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Letter from the Editor

A dozen kids add the now to our then

Return with us now to those thrilling days of yesteryear … Memory does see the past through rose-colored glasses. Looking down all the years to my own school days, I remember anticipation as it shivered through me before school started.

A sweet ending to Maryland Buy Local

You ate all your locally raised vegetables, fruits, eggs and meat every day during Maryland Buy Local Week.     Now you can have dessert.     Naturally, it’s Maryland made, from the farmer to the chef to you.     At Governor Martin O’Malley’s sixth annual Buy Local Cookout, the sweetest thing on the menu was Chef Douglas Wetzel’s Gertrude’s Charolettetown Farm Ricotta Doughnuts with Peach Caramel Sauce.

From gold to butterflies to barnacles to stories to advertisers to delivery drivers to you …

The universe is sparkling with the news that all the gold in the world was formed in the ancient explosive convergence of neutron stars. At least my universe.     That marvelous Harvard-Smithsonian Centre for Astrophysics report has led me as if by the hand to the conclusion that things like company.     How else to explain why atoms of free floating gold got together in coalescing Earth to form nuggets and seams?

Help me make changes that work for you

Will you advise me?         I need your thoughts on how to make Bay Weekly work better for you.     You know how change goes: The thighbone is connected to the knee bone, and before you know it the whole skeleton is shaking.     That’s what’s happening with 8 Days a Week now that we’re seeking a new calendar editor. As we rattle old bones, we’re wondering whether old solutions are still useful — for us and for you.

Local bounty is all around us, with roots in our hearts

Maryland’s Buy Local Challenge makes the typically sultry last week of July one of my favorite times of the year.     For those of us who take eating locally to heart, it’s no challenge to eat one local delicacy each day from July 20 through 28. Peaches for breakfast, tomatoes and basil for lunch, corn and crab for dinner — plus watermelon for breakfast, lunch and dinner: What’s not to like about that menu? It’s delicious, and it’s convenient.     So convenient that some of it grows steps from my door.

It’s in the nick of time for me

Bay Weekly’s Summer Reading Guide appears not coincidentally just as I’m looking for a good book to reduce the amount of newsprint I consume.     Last summer I read baseball.     In Ireland this spring, I read Maeve Binchey and a couple of very odd but charming things — The Irish RM and a volume of comic writer Spike Milligan’s World War II memoir, Adolph Hitler: My Part in His Downfall — recommended by Irish-traveling friend Barclay Walsh.

Are you prepared?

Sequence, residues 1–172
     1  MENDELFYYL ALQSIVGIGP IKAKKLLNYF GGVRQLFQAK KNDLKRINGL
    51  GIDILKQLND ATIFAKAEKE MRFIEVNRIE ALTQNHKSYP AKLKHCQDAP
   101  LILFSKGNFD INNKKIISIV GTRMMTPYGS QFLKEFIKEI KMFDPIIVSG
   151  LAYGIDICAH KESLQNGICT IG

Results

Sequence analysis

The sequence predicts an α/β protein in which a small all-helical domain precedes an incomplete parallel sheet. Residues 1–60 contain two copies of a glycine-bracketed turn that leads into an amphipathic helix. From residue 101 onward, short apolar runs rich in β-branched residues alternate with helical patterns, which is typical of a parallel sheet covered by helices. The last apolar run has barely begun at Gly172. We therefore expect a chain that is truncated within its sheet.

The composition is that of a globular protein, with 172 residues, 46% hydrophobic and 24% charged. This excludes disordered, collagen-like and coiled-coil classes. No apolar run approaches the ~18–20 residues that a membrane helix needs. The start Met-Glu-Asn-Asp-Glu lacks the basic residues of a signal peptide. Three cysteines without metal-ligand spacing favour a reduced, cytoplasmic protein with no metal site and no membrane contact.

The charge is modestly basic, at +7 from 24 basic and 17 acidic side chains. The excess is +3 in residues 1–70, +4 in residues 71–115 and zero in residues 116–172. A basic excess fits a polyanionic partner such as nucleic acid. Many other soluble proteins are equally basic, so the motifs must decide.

Plan a parade in Chesapeake Country, and odds are it will be rained on.     How many times did you fall back to Plan B this weekend? Did your picnic stay al fresco? Did your crab feast rush inside? Did thunderstorms cancel your day at the pool? Keep your boating dreams high and dry?     Do fish bite in the rain?     Living as we do in the age of wacky weather, we’re getting used to settling down to Plan B.     In some areas of life, I’m well prepared.

You’ll enjoy it in the moment and in the ­stories you create

We couldn’t have better weather for Celebrate Maryland Outdoors Days, a state of motivation that culminates this week in the Great American Backyard Campout on June 22.     June is showing us her best side with mild temperatures, comfortable humidity, ticklish breezes, honeyed air and cloudscapes racing across blue skies.     To do our part of the celebrating, we’ve recruited Heather Boughey to tell a campfire story.

Fatherhood is a lifelong calling

Father to four, grandfather to eight and great-grand­father to seven, retired state senator Bernie Fowler doubles as father of Patuxent River recovery.     That Chesapeake tributary rises and ends in Maryland. If we can’t clean up the Patuxent, says Fowler, what chance does the Bay stand?     So Bernie waded into the river of his youth, sending ripples that haven’t stopped yet. From his determination flow Maryland’s two most powerful calls to environmental action.

Expose yourself to the natural elements during Great Outdoors Month

What’s your sign?         Summer’s water sign, Cancer, is mine. I share it with Free Will Astrology writer Rob Breszny, who has been inspiring you these 20 years with his insights into how our birth links us in the great chain of being. I wish I’d counted the number of readers who’ve told me over the years they got into Bay Weekly because of Breszny. Even better are stories of how he’s guided readers’ lives.